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How Emotional Intelligence Helps Sustain a Workforce — Part 1

The lack of available skilled workers is an ongoing issue. It’s easier to keep a good employee than to find one. A leader can leverage Emotional Intelligence skills to keep the workers they have. 
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Workforce Development. Many shops are feeling the lack of skilled workers in our industry, which means that workforce development is high on their priority list. Developing young people to become a skilled workforce for hire is what comes to mind when the words workforce development are mentioned. But what about the skilled performers you already have? It is well known that it is easier and cheaper to keep the customer you have than to find a new one. The same principle applies to your employees. 

Performers Leave Bosses, Not Jobs

Have you ever left a job you liked — or even loved — because of a bad boss? Think about what made them a bad boss. Did they yell, berate or devalue your skills? Or maybe they didn’t acknowledge your skills at all? Or maybe they were unapproachable, didn’t trust you or didn’t listen. O.C. Tanner Institute and HealthStream did a study on 100,000 Americans and Canadians who voluntarily left their job and 79% of them stated that their key reason for leaving was that they were not valued. 

The EI Advantage

So what can you offer as a leader to give yourself an advantage and keep your performers who like their job? Emotional Intelligence (EI) is one advantage that does not cost a dime, but can make a large impact on your performers. 

What is EI? EI is an ability for someone to understand and manage their emotions, as well as to understand the emotions of others. Why is this important? Because your performers are humans with human emotions that can’t always be left at the door. They carry those emotions with them into work, whether it is a fear, worry or mental fatigue. They also bring in joy and excitement! But if this pandemic has taught us anything, it is that fear of getting sick or a loved one sick is palpable. Additionally, people deal with financial issues, family issues and health issues, all of which can weigh on a person.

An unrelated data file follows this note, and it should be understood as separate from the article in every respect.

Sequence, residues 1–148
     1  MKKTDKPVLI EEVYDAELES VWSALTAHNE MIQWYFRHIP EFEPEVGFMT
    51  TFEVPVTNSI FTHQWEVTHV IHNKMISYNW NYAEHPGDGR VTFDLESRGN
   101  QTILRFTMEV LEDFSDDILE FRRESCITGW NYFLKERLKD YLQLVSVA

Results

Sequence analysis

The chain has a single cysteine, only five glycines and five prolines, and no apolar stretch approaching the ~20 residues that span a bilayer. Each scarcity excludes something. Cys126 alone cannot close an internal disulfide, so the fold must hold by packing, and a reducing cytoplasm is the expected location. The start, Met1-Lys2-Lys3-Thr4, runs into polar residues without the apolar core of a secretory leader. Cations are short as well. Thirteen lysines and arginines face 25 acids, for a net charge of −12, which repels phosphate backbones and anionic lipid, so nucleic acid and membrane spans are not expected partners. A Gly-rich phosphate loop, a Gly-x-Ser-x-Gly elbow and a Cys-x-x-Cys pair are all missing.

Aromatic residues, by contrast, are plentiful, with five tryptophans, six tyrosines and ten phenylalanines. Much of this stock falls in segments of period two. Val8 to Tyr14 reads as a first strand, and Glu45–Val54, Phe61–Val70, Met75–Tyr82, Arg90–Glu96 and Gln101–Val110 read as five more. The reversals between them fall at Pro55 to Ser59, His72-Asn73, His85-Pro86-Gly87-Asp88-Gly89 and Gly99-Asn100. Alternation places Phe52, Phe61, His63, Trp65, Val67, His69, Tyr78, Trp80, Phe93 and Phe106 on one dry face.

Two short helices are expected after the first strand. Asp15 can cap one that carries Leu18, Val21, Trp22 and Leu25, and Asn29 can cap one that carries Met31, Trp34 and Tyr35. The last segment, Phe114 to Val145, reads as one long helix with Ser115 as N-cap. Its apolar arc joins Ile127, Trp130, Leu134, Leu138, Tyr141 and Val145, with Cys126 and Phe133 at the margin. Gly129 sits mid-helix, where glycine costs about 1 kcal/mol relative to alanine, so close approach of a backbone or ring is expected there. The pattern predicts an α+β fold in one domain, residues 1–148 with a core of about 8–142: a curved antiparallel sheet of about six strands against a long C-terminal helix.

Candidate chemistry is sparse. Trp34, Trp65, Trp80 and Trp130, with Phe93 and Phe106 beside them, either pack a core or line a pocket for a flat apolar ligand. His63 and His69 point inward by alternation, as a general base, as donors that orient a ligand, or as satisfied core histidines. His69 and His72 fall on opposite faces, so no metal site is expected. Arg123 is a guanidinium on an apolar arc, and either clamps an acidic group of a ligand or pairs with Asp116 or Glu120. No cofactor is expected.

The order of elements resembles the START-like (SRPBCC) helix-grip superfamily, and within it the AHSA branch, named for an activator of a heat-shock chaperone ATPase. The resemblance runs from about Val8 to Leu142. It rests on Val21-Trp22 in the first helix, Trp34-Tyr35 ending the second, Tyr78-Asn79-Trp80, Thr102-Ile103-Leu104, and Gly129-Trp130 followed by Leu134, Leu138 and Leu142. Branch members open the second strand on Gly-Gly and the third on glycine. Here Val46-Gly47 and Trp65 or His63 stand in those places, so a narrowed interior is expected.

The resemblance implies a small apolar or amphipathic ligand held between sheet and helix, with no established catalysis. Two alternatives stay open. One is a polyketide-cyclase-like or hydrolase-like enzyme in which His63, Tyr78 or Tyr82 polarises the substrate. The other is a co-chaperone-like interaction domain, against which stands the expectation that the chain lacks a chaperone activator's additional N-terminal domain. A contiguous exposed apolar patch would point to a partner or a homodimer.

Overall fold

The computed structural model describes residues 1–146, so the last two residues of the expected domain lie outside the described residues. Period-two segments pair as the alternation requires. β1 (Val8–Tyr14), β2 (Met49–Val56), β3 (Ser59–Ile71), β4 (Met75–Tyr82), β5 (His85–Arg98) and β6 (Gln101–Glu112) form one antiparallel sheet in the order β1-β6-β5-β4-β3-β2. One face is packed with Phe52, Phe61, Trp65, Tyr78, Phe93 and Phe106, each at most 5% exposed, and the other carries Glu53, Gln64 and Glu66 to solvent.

As a leader, you can be aware of the emotions of others. You don’t have to know exactly what is going on — there are HR considerations — but knowing that your performers are dealing with something may help you understand why they are working, reacting or not reacting as expected. Showing you are concerned about them or a simple acknowledgement that they are doing a good job is often enough. 

Recognizing Good Work

It’s amazing what an “Atta boy/girl” can accomplish. Here’s the secret — sincerity. You have to mean it. Otherwise it’s patronizing and the purpose is defeated. It can be a public acknowledgement such as an employee spotlight or it can be private in a one-on-one setting. It can even be as you are walking by and you recognize a job well done. 

You hired your performers for a reason. And if you can’t find something good that a performer is doing, then you may want to evaluate why you still employ them. Once you have started looking for the good work, you may be surprised at how much you find. 

How Emotional Intelligence Helps Sustain Your Workforce — Part 2 (May 2021) discusses the five elements needed to learn EI.

About the Author

Carli Kistler-Miller

Carli Kistler-Miller, MBA, has over 20 years of experience with communications, event/meeting planning, marketing, writing and operations. Email cmiller@pmpa.org at PMPA.